NICE CKD guidelines1 state that unless contraindicated, an ACE inhibitor or an angiotensin receptor blocker (ARB) should be offered to all people with CKD and diabetes who have an ACR of 3 mg/mmol or more (ACR category A2 or A3) and/or those who have hypertension and an ACR of 30 mg/mmol or more (ACR category A3).

The dose of medication may need to be adjusted (up or down) depending on the stage of CKD and/or HbA1c.

However, many people will need more than one antihypertensive drug to get their blood pressure to target so the combination of an ACE inhibitor or ARB (A) with a calcium channel blocker (C) or thiazide-like diuretic (D) should be added to get the patient to target (130/80mmHg in people with diabetes and kidney disease). The usual approach is A + C then D.13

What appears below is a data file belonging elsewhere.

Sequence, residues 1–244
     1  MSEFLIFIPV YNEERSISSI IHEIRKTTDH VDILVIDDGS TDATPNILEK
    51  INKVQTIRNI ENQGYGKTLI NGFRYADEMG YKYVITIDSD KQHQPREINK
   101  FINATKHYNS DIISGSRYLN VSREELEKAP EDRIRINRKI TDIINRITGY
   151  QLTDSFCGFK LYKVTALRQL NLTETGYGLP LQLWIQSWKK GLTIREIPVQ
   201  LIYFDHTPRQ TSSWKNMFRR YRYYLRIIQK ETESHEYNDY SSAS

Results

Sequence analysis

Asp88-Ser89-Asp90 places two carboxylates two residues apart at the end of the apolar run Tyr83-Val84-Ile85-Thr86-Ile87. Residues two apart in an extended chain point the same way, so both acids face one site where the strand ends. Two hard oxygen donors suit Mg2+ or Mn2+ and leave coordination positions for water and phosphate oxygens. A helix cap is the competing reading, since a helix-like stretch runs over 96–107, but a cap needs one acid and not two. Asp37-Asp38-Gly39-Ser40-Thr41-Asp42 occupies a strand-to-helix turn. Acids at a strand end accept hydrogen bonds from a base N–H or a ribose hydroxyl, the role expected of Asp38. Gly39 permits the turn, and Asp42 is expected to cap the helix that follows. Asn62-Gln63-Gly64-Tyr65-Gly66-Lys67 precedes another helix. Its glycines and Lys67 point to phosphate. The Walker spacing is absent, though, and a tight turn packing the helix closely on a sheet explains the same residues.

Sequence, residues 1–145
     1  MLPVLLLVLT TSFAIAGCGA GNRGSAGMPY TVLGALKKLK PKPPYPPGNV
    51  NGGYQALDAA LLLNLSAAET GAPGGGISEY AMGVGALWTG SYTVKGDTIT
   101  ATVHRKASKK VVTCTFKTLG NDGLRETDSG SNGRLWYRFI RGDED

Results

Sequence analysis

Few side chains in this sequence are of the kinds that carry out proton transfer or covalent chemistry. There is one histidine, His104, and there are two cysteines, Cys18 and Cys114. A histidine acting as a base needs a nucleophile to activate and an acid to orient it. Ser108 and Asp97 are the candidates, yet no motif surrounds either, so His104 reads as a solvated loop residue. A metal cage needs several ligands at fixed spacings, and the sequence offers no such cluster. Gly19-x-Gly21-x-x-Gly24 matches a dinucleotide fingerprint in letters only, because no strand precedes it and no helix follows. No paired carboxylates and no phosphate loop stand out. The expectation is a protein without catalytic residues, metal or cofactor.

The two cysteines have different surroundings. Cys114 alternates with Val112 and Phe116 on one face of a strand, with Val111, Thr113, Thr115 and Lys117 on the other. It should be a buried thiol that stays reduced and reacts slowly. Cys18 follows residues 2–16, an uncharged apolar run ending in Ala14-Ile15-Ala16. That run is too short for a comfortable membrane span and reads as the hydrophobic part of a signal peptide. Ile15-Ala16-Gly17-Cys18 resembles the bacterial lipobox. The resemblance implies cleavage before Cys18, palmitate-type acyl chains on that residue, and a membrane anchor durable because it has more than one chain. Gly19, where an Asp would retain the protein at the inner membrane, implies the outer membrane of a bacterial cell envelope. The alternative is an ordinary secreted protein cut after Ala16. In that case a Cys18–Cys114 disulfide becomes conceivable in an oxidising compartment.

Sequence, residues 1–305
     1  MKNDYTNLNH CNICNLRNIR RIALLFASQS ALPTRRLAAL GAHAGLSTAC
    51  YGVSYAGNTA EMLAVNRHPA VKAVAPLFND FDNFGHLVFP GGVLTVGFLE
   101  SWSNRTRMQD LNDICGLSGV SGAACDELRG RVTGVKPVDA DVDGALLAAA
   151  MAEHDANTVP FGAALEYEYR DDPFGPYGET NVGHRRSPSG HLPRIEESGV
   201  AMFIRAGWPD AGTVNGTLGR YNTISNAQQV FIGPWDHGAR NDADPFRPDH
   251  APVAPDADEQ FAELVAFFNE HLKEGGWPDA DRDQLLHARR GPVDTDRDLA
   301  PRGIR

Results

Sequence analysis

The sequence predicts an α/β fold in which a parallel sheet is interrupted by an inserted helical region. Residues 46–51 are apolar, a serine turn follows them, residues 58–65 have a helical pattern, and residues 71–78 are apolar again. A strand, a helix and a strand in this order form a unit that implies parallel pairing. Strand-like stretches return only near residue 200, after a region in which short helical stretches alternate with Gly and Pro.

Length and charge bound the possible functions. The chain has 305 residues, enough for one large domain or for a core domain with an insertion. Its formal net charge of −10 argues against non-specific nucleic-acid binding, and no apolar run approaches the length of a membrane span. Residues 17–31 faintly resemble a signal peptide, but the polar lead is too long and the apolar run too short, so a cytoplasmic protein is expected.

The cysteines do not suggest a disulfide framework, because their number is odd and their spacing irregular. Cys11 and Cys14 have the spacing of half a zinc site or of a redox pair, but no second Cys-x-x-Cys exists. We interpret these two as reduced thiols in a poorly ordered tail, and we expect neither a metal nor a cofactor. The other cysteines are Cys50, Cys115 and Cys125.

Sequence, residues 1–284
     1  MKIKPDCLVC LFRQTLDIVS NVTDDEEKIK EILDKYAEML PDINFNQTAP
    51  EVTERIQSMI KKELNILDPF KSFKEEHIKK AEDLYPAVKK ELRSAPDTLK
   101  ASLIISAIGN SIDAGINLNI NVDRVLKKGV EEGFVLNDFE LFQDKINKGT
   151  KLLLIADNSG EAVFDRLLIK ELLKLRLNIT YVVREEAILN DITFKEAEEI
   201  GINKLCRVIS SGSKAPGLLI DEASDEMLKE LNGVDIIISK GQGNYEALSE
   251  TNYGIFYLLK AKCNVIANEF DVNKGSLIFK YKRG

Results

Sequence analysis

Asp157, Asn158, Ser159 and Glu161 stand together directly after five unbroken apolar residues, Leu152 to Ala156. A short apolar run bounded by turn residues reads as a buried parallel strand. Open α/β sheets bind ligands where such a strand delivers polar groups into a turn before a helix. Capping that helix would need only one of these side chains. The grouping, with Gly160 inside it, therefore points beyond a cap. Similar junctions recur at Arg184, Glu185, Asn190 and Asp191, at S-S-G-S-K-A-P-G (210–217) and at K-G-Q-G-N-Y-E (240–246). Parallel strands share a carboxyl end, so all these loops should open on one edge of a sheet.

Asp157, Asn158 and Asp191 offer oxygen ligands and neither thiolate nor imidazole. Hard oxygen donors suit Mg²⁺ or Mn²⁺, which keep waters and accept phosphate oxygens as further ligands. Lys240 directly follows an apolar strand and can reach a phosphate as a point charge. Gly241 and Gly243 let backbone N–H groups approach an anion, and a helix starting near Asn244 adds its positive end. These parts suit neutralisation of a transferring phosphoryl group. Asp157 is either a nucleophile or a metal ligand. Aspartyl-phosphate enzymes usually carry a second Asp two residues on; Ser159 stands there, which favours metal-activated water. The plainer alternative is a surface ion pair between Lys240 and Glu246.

Lifestyle interventions are always the key to reducing CVD risk, both in the general population as well as those people who have diabetes, so advice and support should be offered on the benefits of weight management, healthy eating, an active lifestyle and avoiding smoking.

Conclusion

People with diabetes are at increased risk of CKD when compared with the general population. The combination of diabetes, hypertension and CKD increases the potential for people to develop CVD and/or end stage renal disease. Blood pressure control using angiotensin blocking agents (ACE inhibitors and ARBs) and other blood pressure and lipid lowering therapies as required will help to protect people with diabetes from both of these complications. Lifestyle interventions will offer additional benefit and improve risk reduction. In people with CKD, care should be taken when initiating, intensifying or adjusting medication, specifically those used to reduce blood glucose levels as licenses vary even within drug classes.